This is why the David Suzuki Foundation is about to launch its first ever 30x30 Challenge. Starting June 1, we’re inviting Canadians to spend at least 30 minutes in nature each day for 30 days. By encouraging people to get a regular dose of fresh air we hope to help participants take advantage of the many health benefits nature has to offer. They might even make it part of their continuing daily practice.
With the busy lives that many of us lead, taking time to get outside may seem difficult. But it’s easier than you think. Green space is as close as your local park or backyard garden. Trails, ravines and community gardens are often a short distance from the daily grind. And birds, bees and other critters are usually nearby. You just have to take time to slow down, breathe, watch and listen.
Are you curious about how you can get your daily dose of nature? Ditch the indoor gym and go for a run or walk in a park or on a trail instead. Use your lunch break to get out of the office and visit a nearby green space. Find a nice leafy tree and read a book in the shade. Brush off your green thumb and spruce up your garden. And on June 15, make plans to get outside with your favorite little ones on Nature Play Day in Canada.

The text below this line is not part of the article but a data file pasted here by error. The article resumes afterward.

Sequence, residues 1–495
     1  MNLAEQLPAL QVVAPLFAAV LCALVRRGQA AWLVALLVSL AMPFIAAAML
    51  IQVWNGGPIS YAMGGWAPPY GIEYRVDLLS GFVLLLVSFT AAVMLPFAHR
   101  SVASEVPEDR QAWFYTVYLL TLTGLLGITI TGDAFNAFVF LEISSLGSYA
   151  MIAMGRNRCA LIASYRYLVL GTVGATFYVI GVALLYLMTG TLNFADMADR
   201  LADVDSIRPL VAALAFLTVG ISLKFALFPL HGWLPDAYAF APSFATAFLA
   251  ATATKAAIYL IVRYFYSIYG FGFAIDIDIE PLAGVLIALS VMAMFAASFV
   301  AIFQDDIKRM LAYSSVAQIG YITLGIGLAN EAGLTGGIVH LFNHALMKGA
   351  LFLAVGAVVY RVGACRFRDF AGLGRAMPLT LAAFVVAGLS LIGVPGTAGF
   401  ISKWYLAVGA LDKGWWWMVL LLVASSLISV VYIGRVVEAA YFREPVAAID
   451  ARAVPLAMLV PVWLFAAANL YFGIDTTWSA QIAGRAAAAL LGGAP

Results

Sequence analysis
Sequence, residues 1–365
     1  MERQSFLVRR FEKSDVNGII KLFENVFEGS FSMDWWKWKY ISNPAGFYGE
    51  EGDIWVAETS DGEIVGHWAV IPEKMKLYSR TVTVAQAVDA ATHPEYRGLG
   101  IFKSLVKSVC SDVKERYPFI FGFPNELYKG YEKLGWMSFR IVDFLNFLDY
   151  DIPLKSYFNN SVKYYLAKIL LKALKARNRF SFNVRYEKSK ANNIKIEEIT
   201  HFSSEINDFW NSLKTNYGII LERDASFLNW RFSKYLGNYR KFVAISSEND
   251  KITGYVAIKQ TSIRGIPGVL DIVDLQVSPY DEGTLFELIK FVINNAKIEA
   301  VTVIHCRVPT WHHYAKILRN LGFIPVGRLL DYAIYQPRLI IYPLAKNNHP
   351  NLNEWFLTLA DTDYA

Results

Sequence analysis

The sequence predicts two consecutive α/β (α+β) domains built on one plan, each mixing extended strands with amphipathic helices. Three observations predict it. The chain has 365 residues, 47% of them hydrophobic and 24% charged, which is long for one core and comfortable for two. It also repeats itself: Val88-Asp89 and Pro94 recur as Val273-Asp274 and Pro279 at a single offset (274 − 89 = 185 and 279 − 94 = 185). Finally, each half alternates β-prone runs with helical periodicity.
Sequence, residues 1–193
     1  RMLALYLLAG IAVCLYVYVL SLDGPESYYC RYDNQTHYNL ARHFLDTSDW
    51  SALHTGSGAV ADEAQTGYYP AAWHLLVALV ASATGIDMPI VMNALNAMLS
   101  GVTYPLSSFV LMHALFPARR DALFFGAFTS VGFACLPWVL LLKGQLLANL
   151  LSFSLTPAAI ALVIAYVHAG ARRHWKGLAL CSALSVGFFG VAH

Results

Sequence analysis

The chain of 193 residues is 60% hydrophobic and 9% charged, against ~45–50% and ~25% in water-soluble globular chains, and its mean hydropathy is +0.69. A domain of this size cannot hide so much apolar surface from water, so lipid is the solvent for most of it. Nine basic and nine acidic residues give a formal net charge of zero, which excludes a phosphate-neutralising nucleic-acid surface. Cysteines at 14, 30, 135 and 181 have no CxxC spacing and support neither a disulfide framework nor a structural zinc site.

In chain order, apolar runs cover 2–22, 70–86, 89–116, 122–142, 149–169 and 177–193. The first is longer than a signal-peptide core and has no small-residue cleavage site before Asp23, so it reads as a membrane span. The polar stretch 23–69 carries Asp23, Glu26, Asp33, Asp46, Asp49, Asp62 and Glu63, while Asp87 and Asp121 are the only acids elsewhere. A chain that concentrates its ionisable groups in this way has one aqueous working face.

For the young at heart, a British organization called the National Trust has put together a fun list of 50 activities all children should do before they are 11¾ years old. While playing conkers (a game involving chestnuts on strings) might not be among the top 50 Canadian pastimes, the list includes cool activities that are worthwhile for any age. The joys of rolling down a big hill, eating an apple picked fresh from a tree and hunting for bugs are truly timeless.
Join the 30x30 Challenge beginning June 1 and incorporate small natural diversions into your daily routine for a month. Add some green to your commute, lunch break, workout schedule or playtime. And remember, a daily dose of nature is good for your head, heart and health.
EcoWatch Daily Newsletter
By Zak Smith